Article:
How heroes reclaimed the sky
Wednesday, August 30, 2006
By Denis Hamill
NY Daily News Columnist
Let's not forget the people of the airline industry on Sept. 11.
"Reclaiming the Sky," by Tom Murphy, is more than a book about these unsung heroes.
"I think it's a story for anybody who wants to learn how to live in this post-9/11 era and not be fearful," says Murphy. "I think the terrorists came to kill as many as they could that day, but also to destroy us indirectly by getting us to turn inward. Away from each other. To retreat into ourselves and into our fears."
But he says the stories in his book illustrate that the people who are doing best since 9/11 are those who refuted the terrorists by coming out of themselves for others. "That's how we reclaimed the sky after 9/11," Murphy says. "That's how we all can reclaim our happiness."
Murphy, a former editor of The Bayside Times, an excellent Queens weekly, says every penny of the profits from his book, which hits bookstore shelves this week, will go to charities directly related to 9/11, or to the airline industry, in which he's worked for 20 years. Murphy has also launched a Web site, www.reclaimingthesky.com, where people go to vent and swap stories.
On the morning of Sept. 11, Murphy was supposed to be at a meeting at the Port Authority aviation unit headquarters on the 65th floor of the north tower of the World Trade Center.
The meeting was canceled.
So Murphy, who'd run a customer service training program at Newark Liberty International Airport for 10 years, caught a plane out of town, and he remembers seeing the sun gleaming off the twin towers.
Minutes later, those towers would be attacked by two jumbo jets hijacked by fanatical Wahhabi terrorists. In the first row of United 175 sat Marianne MacFarlane and Jesus Sanchez, United Airlines employees Murphy had trained. That plane exploded into the south tower. American Flight 11 made its fatal impact into the north tower, where Murphy kept a desk.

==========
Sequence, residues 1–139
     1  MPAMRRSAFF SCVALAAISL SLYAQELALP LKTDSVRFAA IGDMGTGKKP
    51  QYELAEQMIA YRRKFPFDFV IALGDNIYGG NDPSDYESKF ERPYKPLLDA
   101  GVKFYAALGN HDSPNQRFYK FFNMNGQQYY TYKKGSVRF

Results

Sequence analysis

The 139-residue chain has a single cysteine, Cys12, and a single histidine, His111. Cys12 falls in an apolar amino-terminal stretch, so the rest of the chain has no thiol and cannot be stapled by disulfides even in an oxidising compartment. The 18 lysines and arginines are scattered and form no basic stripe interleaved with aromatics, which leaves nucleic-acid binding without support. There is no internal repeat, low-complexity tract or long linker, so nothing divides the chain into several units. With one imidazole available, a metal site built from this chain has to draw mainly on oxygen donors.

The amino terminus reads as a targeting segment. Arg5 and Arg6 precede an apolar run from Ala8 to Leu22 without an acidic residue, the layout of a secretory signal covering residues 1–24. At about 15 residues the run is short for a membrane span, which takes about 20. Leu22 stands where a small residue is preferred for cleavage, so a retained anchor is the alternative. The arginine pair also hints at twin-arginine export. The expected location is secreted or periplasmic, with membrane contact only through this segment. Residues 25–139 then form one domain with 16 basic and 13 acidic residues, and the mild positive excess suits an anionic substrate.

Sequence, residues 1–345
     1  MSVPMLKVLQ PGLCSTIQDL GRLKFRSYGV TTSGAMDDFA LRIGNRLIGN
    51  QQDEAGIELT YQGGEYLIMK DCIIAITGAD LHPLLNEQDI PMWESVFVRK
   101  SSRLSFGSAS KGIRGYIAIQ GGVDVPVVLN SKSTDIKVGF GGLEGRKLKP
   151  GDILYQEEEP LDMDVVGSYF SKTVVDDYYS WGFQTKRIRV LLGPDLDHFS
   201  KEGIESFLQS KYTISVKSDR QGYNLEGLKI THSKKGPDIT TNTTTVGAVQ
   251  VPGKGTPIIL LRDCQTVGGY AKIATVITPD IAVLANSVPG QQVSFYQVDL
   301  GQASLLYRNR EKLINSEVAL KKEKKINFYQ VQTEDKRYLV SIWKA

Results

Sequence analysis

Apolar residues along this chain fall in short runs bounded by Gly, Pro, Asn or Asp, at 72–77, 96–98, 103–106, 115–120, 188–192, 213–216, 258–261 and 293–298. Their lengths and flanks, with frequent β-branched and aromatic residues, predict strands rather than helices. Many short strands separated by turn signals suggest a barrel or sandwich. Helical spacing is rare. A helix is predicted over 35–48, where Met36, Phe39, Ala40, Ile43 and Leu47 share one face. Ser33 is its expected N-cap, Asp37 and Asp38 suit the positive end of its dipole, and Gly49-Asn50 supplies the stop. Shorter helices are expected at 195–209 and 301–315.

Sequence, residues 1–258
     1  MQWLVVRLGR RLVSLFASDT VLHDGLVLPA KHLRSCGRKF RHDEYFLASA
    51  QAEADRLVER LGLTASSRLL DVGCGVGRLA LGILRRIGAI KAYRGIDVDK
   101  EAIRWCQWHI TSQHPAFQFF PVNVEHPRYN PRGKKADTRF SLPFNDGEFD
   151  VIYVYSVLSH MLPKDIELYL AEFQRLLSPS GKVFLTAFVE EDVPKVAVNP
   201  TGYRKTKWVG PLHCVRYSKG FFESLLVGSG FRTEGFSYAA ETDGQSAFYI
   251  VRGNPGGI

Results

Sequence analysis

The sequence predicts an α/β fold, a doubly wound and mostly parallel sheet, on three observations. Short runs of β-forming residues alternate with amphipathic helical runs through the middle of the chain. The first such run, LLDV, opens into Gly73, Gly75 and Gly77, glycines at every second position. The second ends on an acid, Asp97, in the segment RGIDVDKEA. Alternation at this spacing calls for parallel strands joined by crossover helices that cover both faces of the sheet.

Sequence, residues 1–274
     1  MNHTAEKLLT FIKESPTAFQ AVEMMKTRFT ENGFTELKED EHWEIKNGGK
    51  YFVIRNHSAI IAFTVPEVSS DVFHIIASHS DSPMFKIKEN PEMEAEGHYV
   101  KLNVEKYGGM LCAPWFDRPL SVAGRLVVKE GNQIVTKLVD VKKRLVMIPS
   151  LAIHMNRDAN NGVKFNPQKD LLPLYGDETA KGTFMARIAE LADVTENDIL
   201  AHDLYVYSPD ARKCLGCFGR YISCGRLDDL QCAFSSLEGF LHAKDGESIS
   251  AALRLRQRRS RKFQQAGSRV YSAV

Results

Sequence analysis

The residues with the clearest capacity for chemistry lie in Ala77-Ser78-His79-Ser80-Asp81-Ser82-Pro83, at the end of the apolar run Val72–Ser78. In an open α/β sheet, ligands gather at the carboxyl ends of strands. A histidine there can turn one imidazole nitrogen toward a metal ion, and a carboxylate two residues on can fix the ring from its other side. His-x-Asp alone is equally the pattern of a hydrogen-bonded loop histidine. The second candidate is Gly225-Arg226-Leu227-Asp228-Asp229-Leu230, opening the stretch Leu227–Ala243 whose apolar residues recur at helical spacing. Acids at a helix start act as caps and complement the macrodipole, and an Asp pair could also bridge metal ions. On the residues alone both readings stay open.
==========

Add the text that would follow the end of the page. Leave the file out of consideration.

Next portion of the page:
In the smoldering days following Sept. 11, Murphy found himself haunted by a lingering fog of dread. He watched others in the industry go back to work, launching the wounded nation back into the scary sky. He wanted to know how these unsung heroes managed to find the fortitude.
His questions and their answers and personal stories became "Reclaiming the Sky," the story about these gutsy people who helped us reclaim our country.
"I was stuck," Murphy says. "Mark Hussey, who runs the station in Boston, told me that every day for the workers there was a tug between remembering and moving on. I think the key, though, is how to move forward instead of on. Moving forward is when we embrace the loss. And so I set out to learn how to do that."
Murphy talked to flight attendants, customer service reps, pilots and others in the aviation industry who literally rose to the crucial task after that fateful day and every day since.
"When Tom Murphy called me, I told him the most crucial thing we all had to do was talk about what was troubling us," says Queens-raised Mary McKenna, an American Airlines flight attendant with 30 years of flying, who also happens to be a licensed psychotherapist. "I'd had a hard time because I knew people who died on 9/11 and in Flight 587 that went down a month later in Rockaway.
"I told Tom the main thing was not to bury the feelings. That you needed to embrace the feelings and share them with others. A lot of us in this industry were like the walking wounded after 9/11. The ones who dealt with their feelings openly and outwardly did much better than those who buried them."
It's why McKenna liked the A&E TV movie "Flight 93" better than "United 93," the feature film version. "The TV movie dealt more with emotions, the phone calls between families, the essence of what the loss meant on a human level," says McKenna, who recently took a 35% pay cut to help save American Airlines.
"That's what Tom Murphy has done so wonderfully in 'Reclaiming the Sky.' This is the story of the human beings in the airline industry since that terrible day."
In a grim post-9/11 time of layoffs, cutbacks, bankruptcies and terror plots like the recent one in London, the men and women of the airline industry manage to keep our planes in the sky, which keeps our economy aloft and our 21st century society connected.
"I learned that whether it was by creating a garden, a scholarship fund or a toy drive in honor of the lost, you healed by doing something that took you out of self," says Murphy. "I had no idea when I started that this book and this Web site would be how I learned to cope, how I would reclaim the sky."
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